As I have been watching the news about Ukraine, I find that I am in equal measures blown away by the fortitude and commitment of Ukrainians – who by all accounts had no chance in beating powerful Russia, and devastated by the suffering of Ukrainians – starving and trapped inside surrounded cities, attempting to protect children by writing the word “children” outside a safe house, only to have that safe space bombed, and even having maternity wards being fair game for destruction. As my heart ached the question, “Why?” this week, I was so grateful when I read today’s gospel and see those gathering around Jesus asking Jesus the same question.
In Luke’s gospel today, the people come with two concerns to Jesus. They want to know why Galilean Jews have suffered at the hand of Pilate, and why many were killed when the tower of Siloam collapsed. I feel a solidarity in their painful questions, and I have a hopeful longing when Jesus opens his mouth. But what comes next feels like Jesus has not heard us at all. In answer to their question of why there has been suffering, Jesus tells this story: Once upon a time, there was a fig tree that was not bearing fruit and had not borne fruit for three years. Fed up, the vineyard owner decided to cut down the unproductive tree. But before the vineyard owner could touch the tree, the gardener made one last plea. The gardener asked for one more year. In that year, the gardener would dig around the tree, spreading manure at the roots of the tree. If after a year of such care the tree still did not produce fruit, then the owner could chop down the tree.
Now maybe you hear Jesus’ parable today, and you can immediately see the correlation between the question why there is suffering in the world and the parable of the unproductive fig tree. I was not so lucky this week. In fact, I found myself staring blankly at this text for days. Certainly, I understand the question the people ask, since I have been asking that same question for weeks. And I think I somewhat understand the parable – I mean, what better parable for Lent than one about repentance. But what I did not understand was why Jesus told this parable to answer our question of why there is suffering in the world.
Fortunately, I stumbled on the work of a biblical scholar. She describes the idea by poet and healer Pádraig Ó Tuama of the “Buddhist concept of ‘mu,’ or un-asking. If someone asks a question that’s too small, flat, or confining, Ó Tuama writes, you can answer with this word mu, which means, ‘Un-ask the question, because there’s a better question to be asked.’ A wiser question, a deeper question, a truer question. A question that expands possibility, and resists fear.”[i] I think what the poet and the scholar are pointing to is a little like that movie The Karate Kid from the 1980s. In the movie, the main character wants an old man to teach him karate so he can stand up to the high school bully. And so, what are the first things the old teacher has him do? Paint a fence, wax a car, and sand a wooden walkway. This desperate teen asks for help, and at first glance, the wise teacher is responding in a totally disconnected way.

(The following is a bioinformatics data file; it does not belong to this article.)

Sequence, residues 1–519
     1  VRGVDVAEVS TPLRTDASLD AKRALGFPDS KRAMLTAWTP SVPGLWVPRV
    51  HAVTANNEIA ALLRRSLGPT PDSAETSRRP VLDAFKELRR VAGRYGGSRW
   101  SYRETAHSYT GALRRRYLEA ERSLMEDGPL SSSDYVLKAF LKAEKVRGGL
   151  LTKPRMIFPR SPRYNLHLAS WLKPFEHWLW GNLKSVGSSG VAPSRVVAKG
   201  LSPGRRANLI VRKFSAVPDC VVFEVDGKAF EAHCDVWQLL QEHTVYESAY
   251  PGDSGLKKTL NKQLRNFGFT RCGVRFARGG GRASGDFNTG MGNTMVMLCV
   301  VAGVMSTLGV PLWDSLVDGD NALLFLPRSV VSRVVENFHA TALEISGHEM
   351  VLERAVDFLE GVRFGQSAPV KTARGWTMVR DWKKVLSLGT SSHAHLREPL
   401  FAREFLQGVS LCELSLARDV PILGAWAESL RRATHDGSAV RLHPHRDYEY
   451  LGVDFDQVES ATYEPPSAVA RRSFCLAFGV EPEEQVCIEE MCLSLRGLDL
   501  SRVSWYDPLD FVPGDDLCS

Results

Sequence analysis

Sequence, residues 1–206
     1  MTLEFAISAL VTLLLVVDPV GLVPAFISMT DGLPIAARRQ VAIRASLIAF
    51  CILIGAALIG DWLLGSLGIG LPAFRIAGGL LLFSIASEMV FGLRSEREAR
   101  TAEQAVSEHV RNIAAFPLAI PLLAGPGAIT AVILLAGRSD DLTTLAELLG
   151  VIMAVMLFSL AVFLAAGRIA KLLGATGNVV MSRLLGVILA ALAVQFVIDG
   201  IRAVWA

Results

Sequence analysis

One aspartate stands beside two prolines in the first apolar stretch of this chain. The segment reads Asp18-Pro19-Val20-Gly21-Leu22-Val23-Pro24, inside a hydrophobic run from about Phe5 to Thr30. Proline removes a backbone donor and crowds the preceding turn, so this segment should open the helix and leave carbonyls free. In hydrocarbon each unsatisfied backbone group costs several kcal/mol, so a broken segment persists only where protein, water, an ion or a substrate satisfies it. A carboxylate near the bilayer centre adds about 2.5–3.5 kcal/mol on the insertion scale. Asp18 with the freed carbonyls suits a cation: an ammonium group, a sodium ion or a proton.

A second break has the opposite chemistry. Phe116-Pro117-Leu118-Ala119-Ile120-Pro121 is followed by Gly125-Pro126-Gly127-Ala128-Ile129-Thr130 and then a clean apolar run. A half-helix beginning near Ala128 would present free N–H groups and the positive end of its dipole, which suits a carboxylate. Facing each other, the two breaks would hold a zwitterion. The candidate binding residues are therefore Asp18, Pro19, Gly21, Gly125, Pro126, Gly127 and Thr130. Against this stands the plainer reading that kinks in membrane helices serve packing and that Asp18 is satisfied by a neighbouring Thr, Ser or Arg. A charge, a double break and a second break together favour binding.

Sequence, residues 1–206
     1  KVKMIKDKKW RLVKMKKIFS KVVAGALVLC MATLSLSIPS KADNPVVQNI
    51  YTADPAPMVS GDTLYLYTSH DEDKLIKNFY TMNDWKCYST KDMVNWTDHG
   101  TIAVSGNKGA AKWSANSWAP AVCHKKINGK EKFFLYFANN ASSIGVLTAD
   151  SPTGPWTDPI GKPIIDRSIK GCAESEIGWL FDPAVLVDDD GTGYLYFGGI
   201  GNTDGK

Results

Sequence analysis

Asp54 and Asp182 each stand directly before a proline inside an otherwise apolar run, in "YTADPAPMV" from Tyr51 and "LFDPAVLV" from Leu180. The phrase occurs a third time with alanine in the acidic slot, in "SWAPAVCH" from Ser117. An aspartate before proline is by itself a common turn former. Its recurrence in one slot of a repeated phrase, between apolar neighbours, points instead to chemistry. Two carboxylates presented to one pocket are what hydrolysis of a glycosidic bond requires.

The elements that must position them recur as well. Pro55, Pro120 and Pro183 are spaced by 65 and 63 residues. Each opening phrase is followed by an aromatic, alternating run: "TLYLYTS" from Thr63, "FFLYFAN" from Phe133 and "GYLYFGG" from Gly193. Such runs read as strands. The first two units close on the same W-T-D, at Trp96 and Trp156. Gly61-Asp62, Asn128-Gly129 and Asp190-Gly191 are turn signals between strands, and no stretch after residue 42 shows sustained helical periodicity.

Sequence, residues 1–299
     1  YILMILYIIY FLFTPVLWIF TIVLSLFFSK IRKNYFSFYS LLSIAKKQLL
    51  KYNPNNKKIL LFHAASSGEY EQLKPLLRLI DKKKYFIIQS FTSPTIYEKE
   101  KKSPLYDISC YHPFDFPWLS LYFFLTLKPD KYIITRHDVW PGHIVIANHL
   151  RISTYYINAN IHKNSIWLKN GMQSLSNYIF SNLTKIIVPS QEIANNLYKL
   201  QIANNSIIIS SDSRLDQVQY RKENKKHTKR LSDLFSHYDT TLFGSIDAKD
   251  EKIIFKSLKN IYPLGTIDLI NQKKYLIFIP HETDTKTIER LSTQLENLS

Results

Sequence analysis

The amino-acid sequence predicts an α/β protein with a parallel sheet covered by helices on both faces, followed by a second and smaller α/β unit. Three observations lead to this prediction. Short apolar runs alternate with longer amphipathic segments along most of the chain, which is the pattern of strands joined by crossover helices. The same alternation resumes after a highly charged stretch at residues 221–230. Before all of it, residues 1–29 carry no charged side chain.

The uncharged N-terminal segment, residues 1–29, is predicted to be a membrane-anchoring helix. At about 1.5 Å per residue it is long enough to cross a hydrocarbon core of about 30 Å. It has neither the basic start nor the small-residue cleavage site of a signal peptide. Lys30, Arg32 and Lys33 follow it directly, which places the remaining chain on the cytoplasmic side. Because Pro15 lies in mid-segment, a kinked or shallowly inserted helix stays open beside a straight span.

Of course, in the movie we learn that the teacher’s method is anything but disconnected. Painting, waxing, and sanding all incorporate the skills needed to master karate. Jesus is a similar sensei in his telling of this cryptic parable. In order to help us shift our work of repentance on this third week of Lent, when we ask why, Jesus says “mu.” As Debie Thomas argues, Jesus “…says “mu” because “why” is just plain not a life-giving question. Why hasn’t the fig tree produced fruit yet? Um, here’s the manure, and here’s a spade — get to work. Why do terrible, painful, completely unfair things happen in this world? Um, go weep with someone who’s weeping. Go fight for the justice you long to see. Go confront evil where it needs confronting. Go learn the art of patient, hope-filled tending. Go cultivate beautiful things. Go look your own sin in the eye and repent of it while you can. In short: imagine a deeper story. Ask a better question. Live a better answer.”[ii]
Jesus is not unfeeling about our angst about suffering in the world. I suspect Jesus is grateful for our empathetic hearts. But this cryptic parable this week is meant to shift us a quarter turn so that we move out of empathetic paralysis and into repentant productivity. We learn from the parable we will not do this work alone. We unproductive, rooted trees cannot exactly fertilize and aerate our own soil. God, the gardener, who graciously asks for more time, will do that work as we focus on moving from being empathetic fig trees with no sustaining fruit, to humble, repentant fig trees who work on improving our own sinful behavior before becoming overwhelmed with the rest of the sinful world. God will likely have to shovel a lot of manure to help transform our unproductive soil. But as we weep with others, grab our own spades, confront evil in our own life, and fight for justice through hope-filled tending, we begin the work of asking better questions and living better answers. Amen.
[i] Debie Thomas, “What Are You Asking?” March 13, 2022, as found at https://www.journeywithjesus.net/lectionary-essays/current-essay?id=2944 on March 19, 2022.